I have been learning recently all about the Ketogenic diet.
The ketogenic diet requires people to limit the amount of carbohydrate they eat, inducing a glucose-starvation state, which results in the body metabolising fat for energy, rather that its more common fuel – sugar.
This might all seem barmy, but there is a global movement which believes that by altering our diets in this way we can become healthier, have more energy, reduce the risk of diabetes and cardiovascular disease and another host of other chronic-lifestyle related conditions.
In learning about the diet, I have heard discussions about glycogenolysis, gluconeogenesis, ketosis, isomers, polymers, gamma hydroxyl butyrate and a host of other words that I learned in medical school.
It is funny how far I have drifted away from all of this, living in my holistic, person-centred world of care and compassion. That is not to say that my days aren’t fuelled by my patients’ sodium, potassium and haemoglobin levels – it is just, that I sort of take them for granted; maybe it is because I have been doing this for so long that I have stopped looking underneath to see what is happening.
An example, which I find particularly pertinent relates to nutrition. We know in the West, we are exposed to diets that far exceed what we need to survive – we have to be selective, not just following our Palaeolithic drives to eat everything in front of us.
In hospital, with the patients I support, food abundance is not entirely part of the contract; you come to hospital and meals are provided. It is difficult to graze in hospital unless your family bring-in bottles of Lucozade (which still happens today, despite us not living in the 1980’s – thanks Daley Thomson!) and chocolates (grapes seem to be on the decline).
Often the meals arrive when a person isn’t hungry, or when they are not available – off the ward having an important test, or some other interruption, confusion or complication arises – for example, they are feeling nauseated because of the medicine.
On my ward (Mallard J) we have freely available food, and as most people spend their time in the day area, they can access the fridge, although, it is nothing like being able to rifle-through your own cupboards or fridge at home.
We have come a long way in understanding the importance of nutrition and hydration in the support of older people, particularly in relation to their recovery from acute illnesses such as pneumonia or sepsis.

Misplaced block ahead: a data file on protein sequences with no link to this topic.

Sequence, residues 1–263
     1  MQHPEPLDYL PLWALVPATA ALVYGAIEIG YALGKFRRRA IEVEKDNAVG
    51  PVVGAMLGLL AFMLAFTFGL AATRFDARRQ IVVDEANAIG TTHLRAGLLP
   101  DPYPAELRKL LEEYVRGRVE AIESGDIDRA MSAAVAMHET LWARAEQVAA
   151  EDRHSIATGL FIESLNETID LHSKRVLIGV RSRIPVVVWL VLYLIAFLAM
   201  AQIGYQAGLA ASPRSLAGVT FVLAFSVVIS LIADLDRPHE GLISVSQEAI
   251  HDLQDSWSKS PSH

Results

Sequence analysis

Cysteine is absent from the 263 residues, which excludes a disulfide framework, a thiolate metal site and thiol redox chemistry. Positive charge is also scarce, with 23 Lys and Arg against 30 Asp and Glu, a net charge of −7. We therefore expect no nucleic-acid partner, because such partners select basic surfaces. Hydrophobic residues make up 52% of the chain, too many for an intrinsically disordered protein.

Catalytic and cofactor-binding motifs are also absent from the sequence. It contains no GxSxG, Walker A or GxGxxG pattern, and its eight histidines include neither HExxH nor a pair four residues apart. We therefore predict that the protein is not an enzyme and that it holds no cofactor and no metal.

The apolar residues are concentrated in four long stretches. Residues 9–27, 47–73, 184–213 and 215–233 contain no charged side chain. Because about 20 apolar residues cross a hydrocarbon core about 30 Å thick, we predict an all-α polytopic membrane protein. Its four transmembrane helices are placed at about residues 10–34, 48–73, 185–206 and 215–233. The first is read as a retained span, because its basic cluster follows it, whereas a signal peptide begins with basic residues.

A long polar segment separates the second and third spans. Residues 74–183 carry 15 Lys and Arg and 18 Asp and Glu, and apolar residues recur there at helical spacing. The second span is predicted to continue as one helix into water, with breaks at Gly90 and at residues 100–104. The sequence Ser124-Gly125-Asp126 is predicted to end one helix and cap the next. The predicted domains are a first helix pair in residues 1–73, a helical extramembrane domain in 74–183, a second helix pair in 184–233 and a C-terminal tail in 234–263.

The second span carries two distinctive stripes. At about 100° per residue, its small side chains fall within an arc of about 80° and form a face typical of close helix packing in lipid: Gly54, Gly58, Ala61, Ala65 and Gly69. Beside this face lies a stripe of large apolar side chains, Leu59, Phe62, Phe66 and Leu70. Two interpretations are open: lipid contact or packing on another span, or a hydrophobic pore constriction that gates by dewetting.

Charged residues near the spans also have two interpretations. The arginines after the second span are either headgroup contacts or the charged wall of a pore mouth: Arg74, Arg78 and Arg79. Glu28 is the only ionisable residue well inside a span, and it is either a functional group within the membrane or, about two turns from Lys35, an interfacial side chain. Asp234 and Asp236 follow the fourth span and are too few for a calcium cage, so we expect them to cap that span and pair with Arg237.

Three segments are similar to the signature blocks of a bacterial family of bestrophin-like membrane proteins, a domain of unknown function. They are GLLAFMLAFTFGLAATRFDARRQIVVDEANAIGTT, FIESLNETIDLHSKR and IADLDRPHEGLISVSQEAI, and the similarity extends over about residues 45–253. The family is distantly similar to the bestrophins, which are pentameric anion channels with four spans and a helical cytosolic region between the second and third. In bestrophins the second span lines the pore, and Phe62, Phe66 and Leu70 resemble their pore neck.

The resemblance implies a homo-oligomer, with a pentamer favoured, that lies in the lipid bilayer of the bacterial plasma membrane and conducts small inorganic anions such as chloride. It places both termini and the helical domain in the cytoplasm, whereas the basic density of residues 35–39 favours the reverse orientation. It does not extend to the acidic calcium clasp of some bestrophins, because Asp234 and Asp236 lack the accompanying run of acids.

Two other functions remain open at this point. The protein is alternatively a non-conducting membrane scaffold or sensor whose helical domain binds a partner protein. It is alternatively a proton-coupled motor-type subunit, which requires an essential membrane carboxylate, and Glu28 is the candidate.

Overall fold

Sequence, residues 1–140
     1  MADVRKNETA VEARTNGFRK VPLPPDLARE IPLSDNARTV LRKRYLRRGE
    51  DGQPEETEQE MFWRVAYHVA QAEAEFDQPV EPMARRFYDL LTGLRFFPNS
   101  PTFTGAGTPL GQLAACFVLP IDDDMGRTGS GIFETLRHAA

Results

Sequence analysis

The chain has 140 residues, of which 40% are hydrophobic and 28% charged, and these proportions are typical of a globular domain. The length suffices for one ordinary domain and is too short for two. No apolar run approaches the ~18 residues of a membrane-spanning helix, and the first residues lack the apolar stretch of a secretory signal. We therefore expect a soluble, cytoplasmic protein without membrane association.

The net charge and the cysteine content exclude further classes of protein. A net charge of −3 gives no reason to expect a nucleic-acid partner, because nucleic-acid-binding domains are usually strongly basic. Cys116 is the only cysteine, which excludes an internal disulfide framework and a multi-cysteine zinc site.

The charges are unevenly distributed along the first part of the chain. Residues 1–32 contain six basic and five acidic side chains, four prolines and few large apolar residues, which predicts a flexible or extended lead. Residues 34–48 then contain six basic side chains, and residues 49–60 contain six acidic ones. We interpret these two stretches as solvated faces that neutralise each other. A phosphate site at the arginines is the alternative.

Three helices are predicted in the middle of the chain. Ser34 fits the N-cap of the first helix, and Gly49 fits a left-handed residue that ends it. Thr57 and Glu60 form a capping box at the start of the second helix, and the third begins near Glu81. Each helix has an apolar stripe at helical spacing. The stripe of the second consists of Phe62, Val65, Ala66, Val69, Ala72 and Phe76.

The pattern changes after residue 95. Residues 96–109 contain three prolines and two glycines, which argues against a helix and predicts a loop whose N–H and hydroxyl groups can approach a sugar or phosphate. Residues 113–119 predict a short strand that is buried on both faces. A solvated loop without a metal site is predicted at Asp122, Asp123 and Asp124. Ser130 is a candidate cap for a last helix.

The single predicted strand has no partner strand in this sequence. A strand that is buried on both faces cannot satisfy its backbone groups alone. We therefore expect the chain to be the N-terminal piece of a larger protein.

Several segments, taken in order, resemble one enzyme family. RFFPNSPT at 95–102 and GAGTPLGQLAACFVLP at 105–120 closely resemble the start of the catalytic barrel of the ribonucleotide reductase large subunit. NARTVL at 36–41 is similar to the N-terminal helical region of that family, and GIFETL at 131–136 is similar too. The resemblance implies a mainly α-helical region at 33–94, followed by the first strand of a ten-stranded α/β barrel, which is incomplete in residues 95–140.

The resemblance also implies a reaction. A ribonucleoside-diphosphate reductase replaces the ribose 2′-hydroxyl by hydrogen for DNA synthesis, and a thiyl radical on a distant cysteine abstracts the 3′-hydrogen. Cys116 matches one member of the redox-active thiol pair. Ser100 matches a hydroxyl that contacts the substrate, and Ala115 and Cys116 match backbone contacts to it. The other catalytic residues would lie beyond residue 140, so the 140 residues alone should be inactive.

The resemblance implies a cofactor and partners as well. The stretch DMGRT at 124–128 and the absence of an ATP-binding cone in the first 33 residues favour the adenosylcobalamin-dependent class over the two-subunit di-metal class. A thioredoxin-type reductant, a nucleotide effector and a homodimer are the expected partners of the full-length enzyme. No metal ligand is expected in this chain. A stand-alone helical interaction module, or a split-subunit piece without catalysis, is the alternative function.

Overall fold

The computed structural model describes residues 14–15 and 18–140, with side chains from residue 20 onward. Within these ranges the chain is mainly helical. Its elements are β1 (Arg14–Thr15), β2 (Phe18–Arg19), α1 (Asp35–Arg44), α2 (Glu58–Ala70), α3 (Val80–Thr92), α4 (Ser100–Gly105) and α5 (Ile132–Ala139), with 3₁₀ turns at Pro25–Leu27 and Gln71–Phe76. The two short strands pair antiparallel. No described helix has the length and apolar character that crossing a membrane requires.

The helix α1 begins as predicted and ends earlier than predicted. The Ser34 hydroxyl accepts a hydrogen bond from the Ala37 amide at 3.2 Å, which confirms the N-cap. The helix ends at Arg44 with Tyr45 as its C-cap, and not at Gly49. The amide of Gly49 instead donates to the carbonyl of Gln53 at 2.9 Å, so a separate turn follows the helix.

Yet, we don’t routinely sit and think, metabolically, what is going on, who is using-up their glycogen stores, who is in a state of ketosis? (this being different to the state of ketoacidosis we do worry about in those with diabetes);
My brother who lives in Israel sent me the other day a download of all of his blood work.
Blood work isn’t to my knowledge something that is discussed day-to-day in the UK. Nor is the sharing of this information in its entirety with the people who have had the work done. (In the NHS we routinely copy patients in to clinic letters; sending them all the blood results is still quite unusual).
The sight of all the numbers at first left me dumbfounded. He had results on the level of his Uric Acid, Creatinine Kinase, Calcium, Phosphate, Vitamin D, PSA and other investigations that many people in the UK never have, event after a spell in hospital.
And what to do with this information? Do you use it to become complacent about your wellbeing? Does a full-house of chemical normality mean that you are in a state of ‘health’? What of the subtleties that cannot be picked-up – tests of happiness, contentment, anxiety, fear, hope and, meaning?
And, if you do find something amiss, where do you go from there? Do you set-out on a voyage of investigation? Like someone I know recently who was committed to undergoing a ‘whole-body MRI’ which, despite not being ‘a thing’ is also not that helpful, given than of all the multitude of disease states which can befall a human, only a tiny proportion can be picked-up by the Wonder Machine.
The generally accepted approach to obscure investigations in the UK is that we shouldn’t test for the sake of a test; sure, if something hurts, is swollen or misshapen, get out the x-ray, ultrasound or CT machine, but don’t just test, as more often than not you find something that isn’t 100% normal and just adds to anxiety.
The concept of a ‘reassurance scan’ is particularly treacherous, for often, odd abnormalities are discovered – with such frequency in medicine that they even have their own name… ‘Incidentalomas’
So this is the morass of science, technology and art that I try to navigate with my team, that often leads me to holism, although holism within the confines of my limited human abilities;
How far do we go with holism? Surely a holistic approach to medicine takes-in everything? The oligomers, disaccharides and smiles, skin texture, blood pressure, past, present and future – where do we begin and where do we end?
I guess we are limited by our human, technical and organisational abilities (I don’t know of any healthcare system that has the whole think sussed) –
And the message? Well, I suspect that is, relax.
If things feel OK, it doesn’t hurt, you aren’t short of breath, losing weight, gaining weight, aren’t too high or too low; I believe they call this Mahayana in Buddhism – the middle path; it isn’t quite burning-out, nor is it fading-away.
Oh, and CRP – well, this doesn’t seem to be something they routinely check in Israel or the UK, although the Americans are on to it – analysing the subtleties of the inflammatory cascade.
And me – I’d rather have someone who listens, who hears me when I talk, than a machine that produces data that to some has become a religion or way of life.
For the moment, I’m happy with the humans.